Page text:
Oklahoma State: The loss of veteran center David Washington produced a huge hole in the center of the Cowboys' interior line. Andrew Lewis returns to his natural position, leaving Oklahoma State needing two new starters at guard. Noah Franklin and Jonathan Rush have staked claims to the starting positions with Anthony Morgan and Nick Martinez getting repetitions inside. This group needs to improve if it hopes to equal the standards of previous seasons, when the Cowboys led the Big 12 in rushing each of the last three seasons.
Texas: The tight end was rarely used for the Longhorns after Blaine Irby dislocated his kneecap last season against Rice. He still wasn't ready to go during the spring as Greg Smith, Ahmard Howard, Ian Harris and D.J. Grant all got work. None of them emerged. And with Irby's return remaining iffy, it means the Longhorns again could reduce the use of the tight end and utilize four-receiver sets when they want to move the ball. Don't look for the Longhorns to use the tight end much unless this production improves.
Texas A&M: The Ag
gies were wracked with injuries during the spring as projected starters Lee Grimes, Kevin Matthews and Lucas Patterson were sidelined all spring as A&M was down to only nine healthy offensive linemen for some practices. It still doesn't excuse the lack of offensive production for A&M's starting unit, which produced only 9 yards rushing on 24 carries against Texas A&M's first-string defense. Coach Mike Sherman will be counting on immediate production from an impressive group of incoming freshman at fall practice, but it's fair to characterize the Aggies' offensive line as the team's biggest spring concern -- especially after allowing 39 sacks last season and ranking last in the conference in rushing yards per game.
Texas Tech: The loss of productive starters Daniel Charbonnet and Darcel McBath left a gaping hole at safety for the Red Raiders. Junior Franklin Mitchem earned the free safety position leaving spring practice and redshirt freshman Cody Davis emerged at strong safety.Jared Flannel , Brett Dewhurst and converted linebacker Julius Howard also got some snaps at safety. It will still be a challenge to combat the explosive Big 12 defenses with such an inexperienced group at the position.
|Bruce Thorson/US Presswire|
|Bo Pelini's Cornhuskers are 3-0, but they have yet to be truly tested on the football field.|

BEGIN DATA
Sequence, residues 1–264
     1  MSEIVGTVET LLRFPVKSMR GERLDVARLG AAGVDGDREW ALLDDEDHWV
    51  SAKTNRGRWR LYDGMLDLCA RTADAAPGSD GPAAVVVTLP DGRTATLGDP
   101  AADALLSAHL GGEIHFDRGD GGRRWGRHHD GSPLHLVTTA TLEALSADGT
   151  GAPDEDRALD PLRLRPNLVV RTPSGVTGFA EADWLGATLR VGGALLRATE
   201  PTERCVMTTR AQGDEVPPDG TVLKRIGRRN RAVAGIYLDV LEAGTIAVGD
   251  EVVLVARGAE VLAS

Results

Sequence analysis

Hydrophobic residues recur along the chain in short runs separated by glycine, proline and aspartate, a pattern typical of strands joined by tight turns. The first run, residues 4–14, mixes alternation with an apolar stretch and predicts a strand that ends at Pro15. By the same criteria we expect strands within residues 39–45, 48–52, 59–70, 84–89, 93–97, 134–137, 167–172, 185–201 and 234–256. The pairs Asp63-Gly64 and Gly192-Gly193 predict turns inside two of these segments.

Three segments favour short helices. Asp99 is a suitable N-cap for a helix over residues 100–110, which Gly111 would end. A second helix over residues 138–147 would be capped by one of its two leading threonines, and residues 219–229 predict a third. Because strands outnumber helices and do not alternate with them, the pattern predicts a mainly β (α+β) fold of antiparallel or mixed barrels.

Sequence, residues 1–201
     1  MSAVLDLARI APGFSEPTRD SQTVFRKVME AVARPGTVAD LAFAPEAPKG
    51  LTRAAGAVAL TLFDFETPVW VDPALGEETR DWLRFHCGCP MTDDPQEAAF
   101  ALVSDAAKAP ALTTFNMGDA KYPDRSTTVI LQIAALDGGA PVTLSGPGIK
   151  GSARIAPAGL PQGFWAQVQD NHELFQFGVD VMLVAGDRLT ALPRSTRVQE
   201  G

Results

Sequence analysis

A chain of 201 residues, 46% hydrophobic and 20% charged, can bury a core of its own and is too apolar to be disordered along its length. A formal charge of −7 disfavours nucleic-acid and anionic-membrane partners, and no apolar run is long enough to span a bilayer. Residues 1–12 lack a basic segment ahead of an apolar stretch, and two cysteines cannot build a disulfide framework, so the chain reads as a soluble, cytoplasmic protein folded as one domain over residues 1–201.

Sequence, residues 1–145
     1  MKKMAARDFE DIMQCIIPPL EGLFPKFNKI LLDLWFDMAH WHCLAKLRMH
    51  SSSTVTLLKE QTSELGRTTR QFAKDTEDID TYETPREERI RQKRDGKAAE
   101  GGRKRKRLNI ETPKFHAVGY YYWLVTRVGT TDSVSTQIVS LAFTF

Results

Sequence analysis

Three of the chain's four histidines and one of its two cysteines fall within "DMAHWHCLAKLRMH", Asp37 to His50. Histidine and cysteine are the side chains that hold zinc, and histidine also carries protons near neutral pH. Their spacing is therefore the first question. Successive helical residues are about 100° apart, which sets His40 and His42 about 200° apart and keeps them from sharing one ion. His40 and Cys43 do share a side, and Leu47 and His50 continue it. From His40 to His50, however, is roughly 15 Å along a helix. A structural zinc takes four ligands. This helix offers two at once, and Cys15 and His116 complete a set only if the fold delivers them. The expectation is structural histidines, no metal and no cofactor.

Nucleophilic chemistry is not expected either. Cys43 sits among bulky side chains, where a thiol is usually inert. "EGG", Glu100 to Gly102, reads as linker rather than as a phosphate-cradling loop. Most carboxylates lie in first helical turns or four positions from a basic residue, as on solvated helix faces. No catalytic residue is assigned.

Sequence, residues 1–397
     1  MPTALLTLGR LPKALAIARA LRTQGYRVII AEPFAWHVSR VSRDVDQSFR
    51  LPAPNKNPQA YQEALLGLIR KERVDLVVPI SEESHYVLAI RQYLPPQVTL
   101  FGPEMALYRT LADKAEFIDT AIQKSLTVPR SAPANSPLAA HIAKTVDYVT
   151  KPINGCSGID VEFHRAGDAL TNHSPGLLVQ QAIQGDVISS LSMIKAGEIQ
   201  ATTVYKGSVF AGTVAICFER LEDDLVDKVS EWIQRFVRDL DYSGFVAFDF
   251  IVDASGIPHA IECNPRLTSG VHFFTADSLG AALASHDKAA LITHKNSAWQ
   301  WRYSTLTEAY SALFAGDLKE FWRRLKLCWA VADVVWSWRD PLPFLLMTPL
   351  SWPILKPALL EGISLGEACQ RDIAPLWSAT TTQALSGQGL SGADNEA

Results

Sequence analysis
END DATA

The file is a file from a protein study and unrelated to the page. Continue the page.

Posted by ESPN.com's Tim Griffin
Bo Pelini's aura among Nebraska fans remains smoking hot after three games.
Books and polkas were written and enough T-shirts were printed to stock a small army before the new Nebraska coach's first game. That legend has only grown as the Cornhuskers have started strongly.
Early victories over Western Michigan, San Jose State and New Mexico State have boosted Nebraska to a 3-0 start. But the Cornhuskers still have as many questions as answers heading into Saturday's game against Virginia Tech.
"We're anxious to see how good we actually are, and I know everybody else is around the state, too," Nebraska quarterback Joe Ganz said. "I think this is a good time to have the game. We're all wondering how good we can actually be and how we play against elite teams like this."
Ganz might be stretching his definition of an "elite team" just a little, considering the Hokies' less-than-imposing body of work so far. But the game is coming at a good time as the Cornhuskers prepare for a difficult start of Big 12 play that will include games against Missouri and Texas Tech in the first two weeks of conference play.
Pelini is careful not to embrace Saturday's game as a measuring stick for his program.
"Every game is important for us and this is just the next one," he said. "That's our attitude as a football team -- that Virginia Tech is just the next challenge for us."
Posted by ESPN.com's Tim Griffin
Mike Leach has Texas Tech on the brink of challenging for the school's first BCS bowl. But school officials say they can't afford to negotiate a rollover on his existing five-year deal until after the regular season ends in December.
The Lubbock Avalanche-Journal reported that the upshot will mean that Leach will finish the season with with only two years remaining on his current deal.
"Let me preface this by saying we want Mike to be our coach," Tech athletic director Gerald Myers told the newspaper. "We made a decision some time back to wait 'til after the season to do his contract. I don't want anybody to read anything into that.
"We want him to be our coach. We want to be able to compensate him at the level that the market dictates. As you know, we operate on a tight budget every year, and I just felt that we would know a lot more about our budget situation in December, so we've made a decision to wait until after the season to do his contract.''